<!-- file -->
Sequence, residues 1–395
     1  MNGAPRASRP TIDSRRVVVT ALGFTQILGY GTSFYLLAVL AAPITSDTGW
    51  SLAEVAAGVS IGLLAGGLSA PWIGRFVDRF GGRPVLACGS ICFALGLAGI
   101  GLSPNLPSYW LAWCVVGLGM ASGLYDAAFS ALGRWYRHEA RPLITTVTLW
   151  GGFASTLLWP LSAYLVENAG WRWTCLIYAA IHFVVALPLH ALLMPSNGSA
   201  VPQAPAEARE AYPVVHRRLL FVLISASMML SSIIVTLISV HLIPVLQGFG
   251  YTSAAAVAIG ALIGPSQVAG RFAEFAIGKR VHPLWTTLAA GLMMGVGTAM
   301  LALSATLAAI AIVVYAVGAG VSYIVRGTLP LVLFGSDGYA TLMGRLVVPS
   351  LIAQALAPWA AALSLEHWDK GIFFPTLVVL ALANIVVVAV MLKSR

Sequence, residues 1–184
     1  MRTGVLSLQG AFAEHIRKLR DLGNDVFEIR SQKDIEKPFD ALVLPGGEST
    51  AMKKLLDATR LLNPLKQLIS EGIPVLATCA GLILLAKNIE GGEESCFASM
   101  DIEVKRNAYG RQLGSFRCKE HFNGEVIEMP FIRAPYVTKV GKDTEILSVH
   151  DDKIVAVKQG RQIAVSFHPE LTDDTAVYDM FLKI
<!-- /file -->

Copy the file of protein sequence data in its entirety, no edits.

Sequence, residues 1–395
     1  MNGAPRASRP TIDSRRVVVT ALGFTQILGY GTSFYLLAVL AAPITSDTGW
    51  SLAEVAAGVS IGLLAGGLSA PWIGRFVDRF GGRPVLACGS ICFALGLAGI
   101  GLSPNLPSYW LAWCVVGLGM ASGLYDAAFS ALGRWYRHEA RPLITTVTLW
   151  GGFASTLLWP LSAYLVENAG WRWTCLIYAA IHFVVALPLH ALLMPSNGSA
   201  VPQAPAEARE AYPVVHRRLL FVLISASMML SSIIVTLISV HLIPVLQGFG
   251  YTSAAAVAIG ALIGPSQVAG RFAEFAIGKR VHPLWTTLAA GLMMGVGTAM
   301  LALSATLAAI AIVVYAVGAG VSYIVRGTLP LVLFGSDGYA TLMGRLVVPS
   351  LIAQALAPWA AALSLEHWDK GIFFPTLVVL ALANIVVVAV MLKSR

Sequence, residues 1–184
     1  MRTGVLSLQG AFAEHIRKLR DLGNDVFEIR SQKDIEKPFD ALVLPGGEST
    51  AMKKLLDATR LLNPLKQLIS EGIPVLATCA GLILLAKNIE GGEESCFASM
   101  DIEVKRNAYG RQLGSFRCKE HFNGEVIEMP FIRAPYVTKV GKDTEILSVH
   151  DDKIVAVKQG RQIAVSFHPE LTDDTAVYDM FLKI